I still can’t figure out why any Leave campaigner who gets onto the BBC fails to fire (and I mean fire every time) the most obvious ammunition about the BBC’s vested interest in pushing Remain -- especially when a presenter tries yet again to reduce the argument to how much British business would allegedly lose if the UK left the EU.
What is needed at such a point – before batting away the allegations as speculative and open to dispute, and anyway we are talking about self-government here, not some business deal – is a comment on just how much money the BBC would lose if the UK escaped the EU.
But I never hear it.
Figures, as from the European Commission website: over seven years between 2007 and 2013, the BBC received from EU institutions €30,180,057. That’s about £23m.
And it is not mentioned in the BBC annual reports. You would reckon that many millions rather destroy the idea of BBC impartiality and the Leave campaigners would not let any BBC presenter or producer forget about the £23m-plus. But the complaints about BBC impartiality are not coming from the Leave campaigners.
No, the complaints are coming from the Remain campaign, who are now complaining that ‘fairness and balance’ – which the BBC insists it is delivering, while never mentioning it is on the EU payroll – is ‘a pretty dodgy concept.’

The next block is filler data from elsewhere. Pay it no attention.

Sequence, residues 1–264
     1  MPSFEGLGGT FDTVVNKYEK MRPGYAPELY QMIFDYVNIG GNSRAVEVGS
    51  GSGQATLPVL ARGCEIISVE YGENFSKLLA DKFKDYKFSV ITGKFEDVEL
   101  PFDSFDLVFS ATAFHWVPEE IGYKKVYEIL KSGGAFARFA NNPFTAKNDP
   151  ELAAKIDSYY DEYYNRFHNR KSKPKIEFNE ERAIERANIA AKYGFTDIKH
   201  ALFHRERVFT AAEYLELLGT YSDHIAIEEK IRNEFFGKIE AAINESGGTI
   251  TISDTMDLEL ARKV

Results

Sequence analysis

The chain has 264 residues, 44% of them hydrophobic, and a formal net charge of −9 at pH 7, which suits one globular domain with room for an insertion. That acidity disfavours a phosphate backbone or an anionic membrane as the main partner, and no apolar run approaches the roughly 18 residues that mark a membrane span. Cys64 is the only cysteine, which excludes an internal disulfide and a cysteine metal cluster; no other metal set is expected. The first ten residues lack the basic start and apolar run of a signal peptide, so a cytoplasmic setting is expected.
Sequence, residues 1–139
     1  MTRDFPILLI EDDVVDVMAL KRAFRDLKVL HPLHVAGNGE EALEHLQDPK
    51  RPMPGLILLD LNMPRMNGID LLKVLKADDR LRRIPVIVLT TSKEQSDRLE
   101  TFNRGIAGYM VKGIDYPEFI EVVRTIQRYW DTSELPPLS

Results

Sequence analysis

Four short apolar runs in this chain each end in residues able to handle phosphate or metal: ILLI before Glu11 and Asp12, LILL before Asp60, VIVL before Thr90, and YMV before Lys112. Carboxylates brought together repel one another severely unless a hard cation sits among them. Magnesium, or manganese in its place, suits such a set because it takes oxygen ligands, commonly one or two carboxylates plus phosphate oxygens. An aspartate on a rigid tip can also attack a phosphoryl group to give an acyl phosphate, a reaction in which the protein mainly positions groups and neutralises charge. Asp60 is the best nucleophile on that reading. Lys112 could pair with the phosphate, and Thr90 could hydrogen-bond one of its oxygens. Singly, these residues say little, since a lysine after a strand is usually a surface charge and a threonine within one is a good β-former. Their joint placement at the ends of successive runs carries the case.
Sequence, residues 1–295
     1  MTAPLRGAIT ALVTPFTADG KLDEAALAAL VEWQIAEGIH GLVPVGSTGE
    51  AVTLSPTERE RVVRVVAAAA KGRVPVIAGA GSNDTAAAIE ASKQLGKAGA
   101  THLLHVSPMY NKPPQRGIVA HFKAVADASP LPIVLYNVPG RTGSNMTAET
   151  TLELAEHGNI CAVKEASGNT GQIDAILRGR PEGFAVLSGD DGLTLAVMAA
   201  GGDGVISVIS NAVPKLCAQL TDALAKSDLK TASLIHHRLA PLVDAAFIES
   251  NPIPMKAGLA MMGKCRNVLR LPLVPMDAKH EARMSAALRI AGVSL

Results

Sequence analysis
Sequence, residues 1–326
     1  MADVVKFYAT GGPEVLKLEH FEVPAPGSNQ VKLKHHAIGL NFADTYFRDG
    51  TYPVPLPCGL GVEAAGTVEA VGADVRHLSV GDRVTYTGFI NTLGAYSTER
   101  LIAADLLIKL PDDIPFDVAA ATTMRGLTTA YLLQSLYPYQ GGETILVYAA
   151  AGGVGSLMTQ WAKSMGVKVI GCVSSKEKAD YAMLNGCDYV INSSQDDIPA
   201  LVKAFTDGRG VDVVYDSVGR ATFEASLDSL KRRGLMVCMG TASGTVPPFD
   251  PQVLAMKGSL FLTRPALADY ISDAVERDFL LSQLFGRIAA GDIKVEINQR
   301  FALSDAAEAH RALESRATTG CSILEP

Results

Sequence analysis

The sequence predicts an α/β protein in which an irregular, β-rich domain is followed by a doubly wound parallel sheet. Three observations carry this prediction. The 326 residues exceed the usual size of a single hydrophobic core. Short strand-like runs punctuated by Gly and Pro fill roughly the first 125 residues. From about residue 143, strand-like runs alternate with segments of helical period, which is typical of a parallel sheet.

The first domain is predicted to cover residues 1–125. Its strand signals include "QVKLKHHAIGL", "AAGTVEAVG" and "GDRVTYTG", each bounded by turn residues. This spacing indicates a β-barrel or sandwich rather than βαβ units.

Under the headline, ‘Fairness and balance won’t woo the young,’ Peter Preston writes in the Guardian:
‘Why pretend that the accumulated weight of the IMF, OECD, Bank of England, White House, NFU, TUC, CBI and IFS can somehow be wiped away when Chris Grayling demands his rebuttal moment? Fairness - a pretty dodgy concept anyway when you try to refine it - includes context and transparency, not merely he-says-she-says.’
Following him comes Jim Murphy, the former MP and leader of Labour in Scotland (as good a definition of a loser as any), writing in the current New Statesman: ‘I want to suggest something that at first glance many may find strange. At best it may sound counter-intuitive and at worst it might even appear anti-democratic.’
‘I believe that one of the dangers in Britain today is that our broadcast media is often too impartial, especially during this EU referendum campaign. And in a referendum campaign, absolute neutrality lacks integrity and can cause inaccuracy….’
‘Put plainly, it is “balanced” to give airtime to the pro-Remain CBI and the small Brexit organisation called Business for Britain. But despite the complaints of the Brexiteers, it’s not “due impartiality” to imply equivalence. To allow both arguments to be presented with equal weight surrenders not just impartiality but also accuracy…’
You could say Preston and Murphy are just embracing Orwell’s Newspeak: impartial means partial, balanced means weighted.
But really the Leave campaigners are just saying out loud what they have always thought, that the opinions of people who are not among their self-designated elite are unworthy to be heard. Citizens who back Leave are common, they are not P.L.U. – people like us.
I had thought that designation ended around the time debutantes stopped being presented to the Queen. Apparently not.